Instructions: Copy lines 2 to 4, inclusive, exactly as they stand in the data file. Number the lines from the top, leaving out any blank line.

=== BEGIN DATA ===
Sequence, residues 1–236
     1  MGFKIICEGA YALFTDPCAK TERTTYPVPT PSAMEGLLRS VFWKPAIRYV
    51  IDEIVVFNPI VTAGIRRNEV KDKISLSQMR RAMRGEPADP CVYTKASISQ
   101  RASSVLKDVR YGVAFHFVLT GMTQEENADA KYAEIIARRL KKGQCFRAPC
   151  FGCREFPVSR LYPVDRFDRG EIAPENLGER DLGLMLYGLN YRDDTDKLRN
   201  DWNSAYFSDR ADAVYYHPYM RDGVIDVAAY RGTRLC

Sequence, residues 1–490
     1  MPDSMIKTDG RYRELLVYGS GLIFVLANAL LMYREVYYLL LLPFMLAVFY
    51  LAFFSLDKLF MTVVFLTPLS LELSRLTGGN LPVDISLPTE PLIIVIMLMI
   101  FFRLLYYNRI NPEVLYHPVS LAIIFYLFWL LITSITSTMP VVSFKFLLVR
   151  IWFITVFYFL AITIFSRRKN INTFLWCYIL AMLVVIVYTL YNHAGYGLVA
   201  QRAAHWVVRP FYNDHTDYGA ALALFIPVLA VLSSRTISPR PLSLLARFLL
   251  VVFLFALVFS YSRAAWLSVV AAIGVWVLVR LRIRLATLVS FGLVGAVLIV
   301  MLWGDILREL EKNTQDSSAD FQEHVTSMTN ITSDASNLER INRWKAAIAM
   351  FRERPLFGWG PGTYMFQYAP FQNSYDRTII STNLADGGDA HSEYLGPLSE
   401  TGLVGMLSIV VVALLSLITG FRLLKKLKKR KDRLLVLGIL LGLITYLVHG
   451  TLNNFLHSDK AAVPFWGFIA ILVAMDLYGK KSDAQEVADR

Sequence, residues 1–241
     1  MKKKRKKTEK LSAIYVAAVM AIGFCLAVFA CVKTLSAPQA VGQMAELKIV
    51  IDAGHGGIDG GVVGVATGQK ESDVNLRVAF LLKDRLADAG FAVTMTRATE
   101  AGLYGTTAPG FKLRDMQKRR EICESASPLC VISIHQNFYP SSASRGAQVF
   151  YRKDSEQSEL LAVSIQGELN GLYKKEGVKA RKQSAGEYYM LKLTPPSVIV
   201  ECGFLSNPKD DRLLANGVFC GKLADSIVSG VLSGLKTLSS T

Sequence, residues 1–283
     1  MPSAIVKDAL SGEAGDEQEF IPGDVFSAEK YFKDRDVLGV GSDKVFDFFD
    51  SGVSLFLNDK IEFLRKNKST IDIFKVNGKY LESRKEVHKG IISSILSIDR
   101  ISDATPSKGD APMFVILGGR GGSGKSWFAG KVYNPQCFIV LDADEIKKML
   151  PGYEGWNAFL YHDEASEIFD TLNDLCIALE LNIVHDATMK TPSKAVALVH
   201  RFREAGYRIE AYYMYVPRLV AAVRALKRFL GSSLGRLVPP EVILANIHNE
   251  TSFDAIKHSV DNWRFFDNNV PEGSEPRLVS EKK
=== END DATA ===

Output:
     1  MGFKIICEGA YALFTDPCAK TERTTYPVPT PSAMEGLLRS VFWKPAIRYV
    51  IDEIVVFNPI VTAGIRRNEV KDKISLSQMR RAMRGEPADP CVYTKASISQ
   101  RASSVLKDVR YGVAFHFVLT GMTQEENADA KYAEIIARRL KKGQCFRAPC